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Universität Stuttgart

Ferienakademie 2011, Course 4
Supercomputing: From Games Engines to Physical Simulation


In 2018, the largest available supercomputer will be able to execute 1018 operations per second (1 ExaFlop/s). It will consist of 100-1000 million cores and be able to execute 1010 threads in parallel. Does that sound frightening? For what applications will we need such an abundance of performance, or – the other way round – which applications will profit from the availability of such computing power?

Already today, you can buy hardware that provides teraflop performance for less than 1000 EUR. Interestingly it stems from graphics processing units. Similar, the first petaflop supercomputer (built in 2008) was based on the CellBE processor – best known for its use in Sony's PlayStation 3. If games and graphics engines are based on the same platforms as supercomputers, what do the respective applications and programs have in common?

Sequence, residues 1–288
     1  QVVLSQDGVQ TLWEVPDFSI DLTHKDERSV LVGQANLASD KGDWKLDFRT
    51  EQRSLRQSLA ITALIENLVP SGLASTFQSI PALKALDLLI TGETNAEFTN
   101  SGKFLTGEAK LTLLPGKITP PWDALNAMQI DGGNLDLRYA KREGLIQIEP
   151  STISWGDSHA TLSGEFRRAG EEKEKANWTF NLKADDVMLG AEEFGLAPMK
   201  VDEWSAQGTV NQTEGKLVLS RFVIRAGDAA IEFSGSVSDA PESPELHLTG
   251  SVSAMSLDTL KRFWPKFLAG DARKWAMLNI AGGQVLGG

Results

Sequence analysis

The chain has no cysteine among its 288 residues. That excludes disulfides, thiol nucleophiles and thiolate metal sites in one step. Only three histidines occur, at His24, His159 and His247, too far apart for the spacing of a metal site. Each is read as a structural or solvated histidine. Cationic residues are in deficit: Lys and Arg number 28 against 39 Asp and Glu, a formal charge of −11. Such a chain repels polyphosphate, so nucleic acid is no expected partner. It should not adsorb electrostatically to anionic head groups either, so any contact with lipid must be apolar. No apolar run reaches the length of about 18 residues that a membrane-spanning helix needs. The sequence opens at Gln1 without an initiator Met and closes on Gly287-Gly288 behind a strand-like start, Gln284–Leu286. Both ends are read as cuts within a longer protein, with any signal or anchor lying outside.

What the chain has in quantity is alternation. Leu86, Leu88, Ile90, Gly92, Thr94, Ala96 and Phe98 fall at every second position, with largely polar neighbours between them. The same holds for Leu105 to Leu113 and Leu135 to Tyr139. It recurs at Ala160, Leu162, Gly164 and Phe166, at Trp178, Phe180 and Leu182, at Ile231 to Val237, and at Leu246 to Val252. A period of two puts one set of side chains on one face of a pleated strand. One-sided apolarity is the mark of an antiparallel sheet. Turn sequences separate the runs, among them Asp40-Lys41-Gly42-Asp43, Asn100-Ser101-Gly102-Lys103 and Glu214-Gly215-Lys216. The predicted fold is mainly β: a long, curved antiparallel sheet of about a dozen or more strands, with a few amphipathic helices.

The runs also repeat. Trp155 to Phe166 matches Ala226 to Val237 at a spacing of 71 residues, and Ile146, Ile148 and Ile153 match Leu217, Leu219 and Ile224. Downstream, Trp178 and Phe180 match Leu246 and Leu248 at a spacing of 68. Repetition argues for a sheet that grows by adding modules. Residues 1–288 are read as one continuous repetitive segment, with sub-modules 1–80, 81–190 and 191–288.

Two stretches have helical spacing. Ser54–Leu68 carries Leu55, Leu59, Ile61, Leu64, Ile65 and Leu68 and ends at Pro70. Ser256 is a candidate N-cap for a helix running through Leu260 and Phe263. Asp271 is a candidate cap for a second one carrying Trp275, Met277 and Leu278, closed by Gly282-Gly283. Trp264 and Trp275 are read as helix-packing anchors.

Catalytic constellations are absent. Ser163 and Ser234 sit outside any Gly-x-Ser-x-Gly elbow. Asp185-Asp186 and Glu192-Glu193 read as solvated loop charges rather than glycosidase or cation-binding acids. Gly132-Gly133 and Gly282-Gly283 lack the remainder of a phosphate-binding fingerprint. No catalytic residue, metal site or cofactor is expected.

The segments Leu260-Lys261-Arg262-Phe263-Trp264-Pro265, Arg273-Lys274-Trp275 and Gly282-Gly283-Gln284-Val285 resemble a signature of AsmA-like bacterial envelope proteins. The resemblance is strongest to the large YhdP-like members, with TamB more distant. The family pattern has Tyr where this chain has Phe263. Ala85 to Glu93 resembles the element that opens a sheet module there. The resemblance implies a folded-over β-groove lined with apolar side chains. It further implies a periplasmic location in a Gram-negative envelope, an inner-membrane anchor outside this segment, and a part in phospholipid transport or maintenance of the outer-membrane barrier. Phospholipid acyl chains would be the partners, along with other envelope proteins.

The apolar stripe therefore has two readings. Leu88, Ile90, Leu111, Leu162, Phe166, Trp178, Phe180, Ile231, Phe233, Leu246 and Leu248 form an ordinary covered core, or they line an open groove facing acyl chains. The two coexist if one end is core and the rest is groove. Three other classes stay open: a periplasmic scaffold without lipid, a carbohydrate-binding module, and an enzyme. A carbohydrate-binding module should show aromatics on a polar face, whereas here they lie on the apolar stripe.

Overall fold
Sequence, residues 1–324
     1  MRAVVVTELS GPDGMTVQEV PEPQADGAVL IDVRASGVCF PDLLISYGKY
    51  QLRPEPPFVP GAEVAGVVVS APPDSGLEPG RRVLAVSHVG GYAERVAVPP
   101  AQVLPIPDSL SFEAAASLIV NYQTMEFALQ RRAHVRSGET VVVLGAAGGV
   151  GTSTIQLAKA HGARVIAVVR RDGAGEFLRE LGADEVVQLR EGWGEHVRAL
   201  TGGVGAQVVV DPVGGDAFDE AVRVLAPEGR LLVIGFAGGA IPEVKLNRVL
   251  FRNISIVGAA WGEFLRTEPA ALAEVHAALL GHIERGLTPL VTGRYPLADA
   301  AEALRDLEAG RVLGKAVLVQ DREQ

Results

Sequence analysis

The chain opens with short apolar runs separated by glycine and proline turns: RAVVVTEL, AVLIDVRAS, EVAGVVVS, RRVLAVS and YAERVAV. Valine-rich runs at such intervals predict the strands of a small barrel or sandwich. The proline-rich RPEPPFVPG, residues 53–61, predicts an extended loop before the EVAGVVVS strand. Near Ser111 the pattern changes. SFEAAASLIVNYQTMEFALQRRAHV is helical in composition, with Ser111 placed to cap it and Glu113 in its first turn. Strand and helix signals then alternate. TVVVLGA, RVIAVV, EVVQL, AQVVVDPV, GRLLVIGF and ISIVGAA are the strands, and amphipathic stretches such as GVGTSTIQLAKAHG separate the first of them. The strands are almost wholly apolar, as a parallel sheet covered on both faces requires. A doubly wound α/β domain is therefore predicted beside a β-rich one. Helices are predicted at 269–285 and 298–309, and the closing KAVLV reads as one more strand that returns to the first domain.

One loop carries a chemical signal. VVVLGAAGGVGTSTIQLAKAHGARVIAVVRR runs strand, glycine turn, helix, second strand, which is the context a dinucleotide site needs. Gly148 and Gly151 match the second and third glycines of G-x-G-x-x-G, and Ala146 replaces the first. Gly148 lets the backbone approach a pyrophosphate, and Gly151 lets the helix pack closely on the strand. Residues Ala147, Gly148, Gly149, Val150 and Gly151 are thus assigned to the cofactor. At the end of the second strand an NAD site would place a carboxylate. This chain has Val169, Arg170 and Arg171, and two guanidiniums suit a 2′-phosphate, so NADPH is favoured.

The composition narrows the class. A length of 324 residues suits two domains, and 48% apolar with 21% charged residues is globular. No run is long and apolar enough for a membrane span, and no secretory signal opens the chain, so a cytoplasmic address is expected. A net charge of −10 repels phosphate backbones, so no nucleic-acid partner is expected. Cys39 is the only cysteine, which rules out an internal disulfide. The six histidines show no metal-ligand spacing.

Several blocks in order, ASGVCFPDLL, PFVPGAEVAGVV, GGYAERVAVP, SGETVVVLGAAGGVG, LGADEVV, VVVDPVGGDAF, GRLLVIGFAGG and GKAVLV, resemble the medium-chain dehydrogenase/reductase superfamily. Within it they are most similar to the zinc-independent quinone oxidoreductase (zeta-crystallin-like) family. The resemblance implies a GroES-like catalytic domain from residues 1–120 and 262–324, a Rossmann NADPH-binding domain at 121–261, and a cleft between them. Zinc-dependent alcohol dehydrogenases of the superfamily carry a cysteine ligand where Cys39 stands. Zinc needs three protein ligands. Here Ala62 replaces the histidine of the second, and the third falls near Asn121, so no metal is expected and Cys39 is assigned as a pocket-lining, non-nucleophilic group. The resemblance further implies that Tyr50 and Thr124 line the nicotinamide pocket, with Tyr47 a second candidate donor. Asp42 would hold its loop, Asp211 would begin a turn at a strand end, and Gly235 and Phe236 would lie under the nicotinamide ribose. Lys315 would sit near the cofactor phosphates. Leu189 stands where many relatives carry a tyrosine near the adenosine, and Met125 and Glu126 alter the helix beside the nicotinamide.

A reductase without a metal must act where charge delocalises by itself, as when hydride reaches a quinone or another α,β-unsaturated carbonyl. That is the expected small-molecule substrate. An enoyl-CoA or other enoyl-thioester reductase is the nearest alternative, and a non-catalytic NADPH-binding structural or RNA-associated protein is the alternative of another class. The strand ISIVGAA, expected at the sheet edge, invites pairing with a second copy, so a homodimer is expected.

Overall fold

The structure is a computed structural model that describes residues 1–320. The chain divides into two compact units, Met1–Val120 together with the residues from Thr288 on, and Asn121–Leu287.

In our course "Supercomputing – from games engines to physical simulation", we will take a deeper look into this exciting field. We will discuss supercomputing applications, simulation techniques, how to program on massively parallel hardware (such as GPUs and novel manycore CPUs), and – last but not least – why hardware development will not just be of interest to computer science geeks, but to all mathematicians, scientists and engineers using computational methods.

Michael Bader, 29. März 2011 - Impressum